Starbucks says Laxman Narasimhan will succeed Howard Schultz as CEO

Howard Schultz
Howard Schultz, chief executive of Starbucks and erstwhile presidential hopeful, will step down in April following the hiring of a successor, Laxman Narasimhan.
(Associated Press)

Starbucks tapped Laxman Narasimhan, chief executive of Reckitt Benckiser Group, as its next CEO, choosing a consumer goods veteran to chart a new path after the interim tenure of Howard Schultz.

Narasimhan, 55, will join the coffee giant Oct. 1 while longtime leader Schultz, 69, stays at the helm. The new chief will take over fully April 1 and will join the board, on which Schultz also intends to serve. Before his stint at Reckitt, Narasimhan was an executive at global beverage titan PepsiCo.

The incoming CEO is facing a growing union push, along with struggling sales in China, one of the chain’s key areas for growth. Narasimhan will be working closely with founder Schultz, who’s known as a very hands-on leader.

Starbucks shares were little changed after the close of trading in New York. Through the close Thursday, the stock had lost 27% this year, more than the 17% decline of the Standard & Poor’s 500 index.

Since coming back to the helm in April, Schultz has upended Starbucks, shaking up and restructuring management and introducing a plan to redesign the company’s thousands of cafes for both customers and employees. The specific details of the plan are yet to be announced, with elaboration expected during the company’s investor meeting scheduled for Sept. 13.

Although the company has suspended guidance for the balance of fiscal 2022, its latest earnings results show that diners are willing to keep spending in the key growth market of the U.S. Comparable-store sales in the U.S. jumped 9% in the third quarter, and the company is trying to serve more diners their lattes and cappuccinos faster with improved technology.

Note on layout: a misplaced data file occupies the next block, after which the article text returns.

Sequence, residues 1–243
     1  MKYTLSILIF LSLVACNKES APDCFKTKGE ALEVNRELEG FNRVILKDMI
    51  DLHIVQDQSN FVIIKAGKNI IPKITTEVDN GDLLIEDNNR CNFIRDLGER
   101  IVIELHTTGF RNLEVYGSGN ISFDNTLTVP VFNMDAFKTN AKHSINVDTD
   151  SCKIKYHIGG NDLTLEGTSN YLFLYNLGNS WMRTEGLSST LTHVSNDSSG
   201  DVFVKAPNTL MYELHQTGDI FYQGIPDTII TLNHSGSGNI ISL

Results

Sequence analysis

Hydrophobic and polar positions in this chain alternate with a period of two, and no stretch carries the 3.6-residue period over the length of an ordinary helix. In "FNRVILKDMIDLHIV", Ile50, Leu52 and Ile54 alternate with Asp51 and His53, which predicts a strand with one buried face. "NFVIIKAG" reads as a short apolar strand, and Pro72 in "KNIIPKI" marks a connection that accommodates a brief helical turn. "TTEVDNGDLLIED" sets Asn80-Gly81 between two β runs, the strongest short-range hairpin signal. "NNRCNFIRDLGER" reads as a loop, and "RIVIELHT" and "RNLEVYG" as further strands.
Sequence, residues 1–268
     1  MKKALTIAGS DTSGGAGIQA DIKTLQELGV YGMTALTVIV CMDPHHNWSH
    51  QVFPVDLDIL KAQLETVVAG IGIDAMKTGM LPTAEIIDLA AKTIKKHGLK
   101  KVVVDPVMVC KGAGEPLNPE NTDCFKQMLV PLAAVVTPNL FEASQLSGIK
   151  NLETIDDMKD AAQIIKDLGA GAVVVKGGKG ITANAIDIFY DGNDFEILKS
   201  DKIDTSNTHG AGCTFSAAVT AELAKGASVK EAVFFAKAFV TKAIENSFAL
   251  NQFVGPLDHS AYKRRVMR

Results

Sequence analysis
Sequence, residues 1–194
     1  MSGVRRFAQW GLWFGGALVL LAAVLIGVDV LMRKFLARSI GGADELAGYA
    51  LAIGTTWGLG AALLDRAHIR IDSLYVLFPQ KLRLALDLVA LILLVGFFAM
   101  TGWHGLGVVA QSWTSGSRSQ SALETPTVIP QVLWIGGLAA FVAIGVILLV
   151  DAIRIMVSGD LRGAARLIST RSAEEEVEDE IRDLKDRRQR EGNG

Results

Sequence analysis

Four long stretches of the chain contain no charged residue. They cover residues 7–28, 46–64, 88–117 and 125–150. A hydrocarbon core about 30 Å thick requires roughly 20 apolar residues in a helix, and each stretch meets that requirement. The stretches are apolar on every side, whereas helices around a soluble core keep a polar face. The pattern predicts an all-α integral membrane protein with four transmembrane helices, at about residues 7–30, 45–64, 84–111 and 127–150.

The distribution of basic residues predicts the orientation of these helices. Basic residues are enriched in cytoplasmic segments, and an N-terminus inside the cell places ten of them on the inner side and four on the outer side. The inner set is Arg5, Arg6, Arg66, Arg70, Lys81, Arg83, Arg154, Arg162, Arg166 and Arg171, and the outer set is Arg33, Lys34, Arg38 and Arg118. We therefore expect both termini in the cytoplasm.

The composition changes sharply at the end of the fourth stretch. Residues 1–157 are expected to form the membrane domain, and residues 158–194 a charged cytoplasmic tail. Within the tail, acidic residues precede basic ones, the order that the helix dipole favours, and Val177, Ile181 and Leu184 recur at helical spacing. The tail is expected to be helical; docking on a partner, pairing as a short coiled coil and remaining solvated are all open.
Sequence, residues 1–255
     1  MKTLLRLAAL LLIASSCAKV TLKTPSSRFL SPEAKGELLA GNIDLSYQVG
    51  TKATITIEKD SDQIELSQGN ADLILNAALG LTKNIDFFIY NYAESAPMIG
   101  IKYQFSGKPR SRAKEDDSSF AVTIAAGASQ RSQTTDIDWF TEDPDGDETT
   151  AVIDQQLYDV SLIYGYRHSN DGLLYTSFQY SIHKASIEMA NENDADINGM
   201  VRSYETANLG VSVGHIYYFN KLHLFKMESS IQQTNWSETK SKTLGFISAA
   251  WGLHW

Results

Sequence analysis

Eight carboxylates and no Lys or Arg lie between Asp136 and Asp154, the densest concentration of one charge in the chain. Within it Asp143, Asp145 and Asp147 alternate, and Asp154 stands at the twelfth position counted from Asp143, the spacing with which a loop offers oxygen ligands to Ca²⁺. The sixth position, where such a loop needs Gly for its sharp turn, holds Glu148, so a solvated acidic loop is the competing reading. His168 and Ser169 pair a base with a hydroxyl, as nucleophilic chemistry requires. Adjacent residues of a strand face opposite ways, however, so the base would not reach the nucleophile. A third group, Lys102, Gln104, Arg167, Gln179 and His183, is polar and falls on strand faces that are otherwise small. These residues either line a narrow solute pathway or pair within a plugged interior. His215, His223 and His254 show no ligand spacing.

Votes tallied Tuesday at two Starbucks stores in Santa Cruz brought a growing union movement at the coffee giant to California.

May 11, 2022

That strong performance — along with higher menu prices — has helped to offset the sluggishness in China, where the chain has about 5,700 locations. The company says its recovery there will be nonlinear, despite the recent reopening of some of its locations in Shanghai.

The chain has hired a record number of employees this fiscal year, and is trying to convince them that they will be better off without a union. Starbucks also is investing in worker training, new equipment and other operational changes to make jobs easier on its baristas. The moves, along with pay increases, total $1 billion, the company has said.

The chain has raised pay to an average of $17 an hour across the U.S. as of the beginning of August, while also bumping up pay further for managers and more tenured staff. But that hasn’t been enough to stop the union push, which is building across the U.S. with about 200 stores voting to unionize with Workers United.

“We are hopeful that Mr. Narasimhan will end Starbucks’ scorched-earth union-busting campaign and work with all Starbucks partners to make Starbucks a better company and better place to work,” said Michelle Eisen, a barista in Buffalo, N.Y., on behalf of Starbucks Workers United.

“He’s got a lot of work to do,” Bloomberg Intelligence analyst Mike Halen said of Narasimhan. “The rapid unionization of the Starbucks chain is happening way faster than anybody thought.”

There’s also “tons of margin pressure with the commodity inflation, with the decision to increase wages for its employees, and there could be more pressure coming down the pike with the unionization efforts,” Halen said.

Reckitt Benckiser shares fell 5.2% in London after the company announced earlier Thursday that Narasimhan would depart at the end of the month, saying he was pursuing an opportunity in the U.S. The move was seen as a surprise for an executive who joined only in 2019 and was making headway in restructuring the company and unwinding the missteps of former chief Rakesh Kapoor, most notably the highly priced takeover of Enfamil infant formula maker Mead Johnson.


Bloomberg writer Josh Eidelson contributed to this report.